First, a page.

‘Marvelous toys’

The Smithsonian’s Burning Man exhibition travels out west

“Tin Pan Dragon” (2006) by Duane Flatmo

“Tin Pan Dragon” (2006) by Duane Flatmo

Photo courtesy of Oakland Museum of California

No Spectators: The Art of Burning Man shows through Feb. 16.
Oakland Museum of California
1000 Oak St.

No Spectators: The Art of Burning Man opened at the Smithsonian American Art Museum in March 2018, stopped at the Cincinnati Art Museum, and is now at its only West Coast venue, the Oakland Museum of California, through Feb. 16.

I approached the show with a burning question: What does it mean to contextualize art that is inherently anti-institutional—and often straight-up anarchic—inside a museum?

Museum art and Burning Man art exist in two separate worlds. One is an arena of art schools, galleries, auctions and sales. The other is a world of DIY-ers, everyone from entry-level crafters to successful visionaries and engineers. These two worlds have some crossover, but less than you might guess. They’re really playing two different games on two different fields, with two different sets of rules. So, what business would the Smithsonian, a federal-government-run institution, have conferring its approval on art made for a big party in the desert?

Nora Atkinson, the Smithsonian curator who organized the show, became a Burner in recent years, and if her social media pics are any indication, she seems taken with the event’s magic. In work pictures, she looks like she descended from the Kennedys, all poise and pearls, and in her Burning Man pics she’s a tousled blond in a sequined halter, ready to rave. She made this point in a TED Talk: “When artists stop worrying about the critics and collectors and start making work for themselves, these are the kinds of marvelous toys they create.”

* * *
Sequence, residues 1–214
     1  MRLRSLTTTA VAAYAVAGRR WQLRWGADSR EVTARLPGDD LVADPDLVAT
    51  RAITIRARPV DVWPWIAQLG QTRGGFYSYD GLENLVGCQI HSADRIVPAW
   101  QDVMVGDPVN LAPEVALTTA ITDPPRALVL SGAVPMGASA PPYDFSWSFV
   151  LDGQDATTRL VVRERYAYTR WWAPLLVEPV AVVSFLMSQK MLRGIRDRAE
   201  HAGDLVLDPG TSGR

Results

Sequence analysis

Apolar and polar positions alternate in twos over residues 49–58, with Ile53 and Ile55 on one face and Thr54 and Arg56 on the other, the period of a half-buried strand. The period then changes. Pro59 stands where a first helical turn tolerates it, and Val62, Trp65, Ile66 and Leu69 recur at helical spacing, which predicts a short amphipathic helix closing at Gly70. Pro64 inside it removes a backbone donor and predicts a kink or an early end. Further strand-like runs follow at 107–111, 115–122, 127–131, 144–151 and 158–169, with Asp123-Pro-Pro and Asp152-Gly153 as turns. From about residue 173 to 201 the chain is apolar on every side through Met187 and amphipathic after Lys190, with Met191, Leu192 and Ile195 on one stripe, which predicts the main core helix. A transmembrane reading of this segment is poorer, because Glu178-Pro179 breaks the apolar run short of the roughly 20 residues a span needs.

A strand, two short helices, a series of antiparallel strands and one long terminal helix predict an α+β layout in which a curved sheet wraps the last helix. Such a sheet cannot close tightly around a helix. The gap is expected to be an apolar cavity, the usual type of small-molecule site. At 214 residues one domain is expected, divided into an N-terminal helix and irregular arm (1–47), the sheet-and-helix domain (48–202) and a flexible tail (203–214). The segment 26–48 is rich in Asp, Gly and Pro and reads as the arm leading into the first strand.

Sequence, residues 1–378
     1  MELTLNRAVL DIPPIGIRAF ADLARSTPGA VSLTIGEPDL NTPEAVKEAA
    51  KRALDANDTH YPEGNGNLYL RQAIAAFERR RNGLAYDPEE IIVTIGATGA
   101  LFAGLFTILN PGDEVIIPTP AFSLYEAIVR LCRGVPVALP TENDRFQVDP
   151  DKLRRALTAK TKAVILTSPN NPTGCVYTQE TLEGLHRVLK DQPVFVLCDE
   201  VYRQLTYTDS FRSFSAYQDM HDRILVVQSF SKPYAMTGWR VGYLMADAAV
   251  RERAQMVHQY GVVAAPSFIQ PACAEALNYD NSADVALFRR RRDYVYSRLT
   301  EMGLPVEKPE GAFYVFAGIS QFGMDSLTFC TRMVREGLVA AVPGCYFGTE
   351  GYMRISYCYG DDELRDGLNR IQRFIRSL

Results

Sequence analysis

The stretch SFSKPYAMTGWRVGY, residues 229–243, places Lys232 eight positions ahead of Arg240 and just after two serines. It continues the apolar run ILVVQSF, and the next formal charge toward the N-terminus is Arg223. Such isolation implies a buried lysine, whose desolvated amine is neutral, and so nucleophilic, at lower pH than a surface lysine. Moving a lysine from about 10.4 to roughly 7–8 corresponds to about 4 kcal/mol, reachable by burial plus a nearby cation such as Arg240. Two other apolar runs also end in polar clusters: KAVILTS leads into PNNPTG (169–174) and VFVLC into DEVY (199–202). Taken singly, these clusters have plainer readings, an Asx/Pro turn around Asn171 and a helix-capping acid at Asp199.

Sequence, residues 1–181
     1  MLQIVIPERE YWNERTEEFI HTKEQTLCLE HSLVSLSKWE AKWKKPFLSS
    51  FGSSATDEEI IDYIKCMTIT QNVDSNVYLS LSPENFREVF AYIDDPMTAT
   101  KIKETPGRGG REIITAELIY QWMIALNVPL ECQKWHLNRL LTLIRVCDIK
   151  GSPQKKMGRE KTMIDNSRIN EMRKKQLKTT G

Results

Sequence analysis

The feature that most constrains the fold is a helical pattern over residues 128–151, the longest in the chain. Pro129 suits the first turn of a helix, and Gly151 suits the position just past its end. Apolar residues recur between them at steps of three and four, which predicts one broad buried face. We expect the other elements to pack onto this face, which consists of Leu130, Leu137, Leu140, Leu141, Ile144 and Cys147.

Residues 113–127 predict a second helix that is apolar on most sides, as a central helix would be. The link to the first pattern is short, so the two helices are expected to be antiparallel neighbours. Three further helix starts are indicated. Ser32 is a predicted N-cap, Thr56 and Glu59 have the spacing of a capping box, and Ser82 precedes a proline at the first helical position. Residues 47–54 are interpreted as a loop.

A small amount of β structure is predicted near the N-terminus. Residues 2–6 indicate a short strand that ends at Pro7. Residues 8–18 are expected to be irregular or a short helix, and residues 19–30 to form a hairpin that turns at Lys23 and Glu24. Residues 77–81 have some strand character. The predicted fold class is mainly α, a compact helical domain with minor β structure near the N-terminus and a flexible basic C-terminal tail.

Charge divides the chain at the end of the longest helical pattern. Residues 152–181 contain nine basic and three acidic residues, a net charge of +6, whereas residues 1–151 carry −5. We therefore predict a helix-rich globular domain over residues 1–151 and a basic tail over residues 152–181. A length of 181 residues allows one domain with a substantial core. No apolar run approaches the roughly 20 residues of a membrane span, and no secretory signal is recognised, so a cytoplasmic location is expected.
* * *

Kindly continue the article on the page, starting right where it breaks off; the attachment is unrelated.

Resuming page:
As a Burner myself, I have quaffed a hearty slurp of this cult’s Kool-Aid—though I acknowledge that the event’s detractors make some sound points, like the disconnect between Burning Man’s widely flaunted claim of “radical inclusion” and the actual level of economic exclusivity involved in the whole pricey affair.

But for all its contradictions, the event does accomplish some things that make me hesitate to throw out the baby with the bathwater. Sometimes art really does get to the true creamy middle of what we’re all about.

Sources from Fox News to The New York Times to Web MD have proclaimed that modern humans are in the midst of a loneliness epidemic that affects our psyches, our health and our communities in ways that we have no idea how to fix. In my mind, one part of the solution is to show each other our humanity, our dreams, our efforts, our accomplishments—and to somehow articulate all that clearly, both to our immediate peers and to people outside our own respective bubbles. But that’s hard to do after a long day’s work. So, it helps to have some structures for it. Sports is one. Church is one. Music is one. Art is another one. And Burner art can be a particularly effective one because it’s beholden more to viewers’ experience more than it is to markets or institutions.

On the day I visited No Spectators in Oakland, the gallery was packed—mostly with well-dressed people in their 60s and 70s, a few Gen-Xers, and a handful of kids and teens. I heard a quiet chorus of “ooh”s, “aah”s and “wow”s, and I saw, for the first time in my life, museum guards who did not look bored. A group of Chinese grandmas sat at a table to make origami “gifts,” to be distributed to other museumgoers, who were lined up at the “Gift-o-Matic,” an oversized gumball machine that dispenses the handmade trinkets. Boomers in clean Patagonia separates lay on cushions on the floor to gaze up at “Nova,” a trippy, meditative light show on the ceiling. And people climbed aboard a steampunk/art deco bus-like vehicle called “Capitol Theater,” to sit in rows of velvet seats and watch Chaplinesque silent comedies projected on a screen.

These “marvelous toys” really do articulate that sense of intense wonder—and that sense of community—that people go to Burning Man for. And, in my mind, the potentially fraught mark of institutional approval worked out just fine. Atkinson distilled some of the most accessible, more socially practical parts of Burning Man into an afternoon’s worth of substantial marveling, and brought them on tour.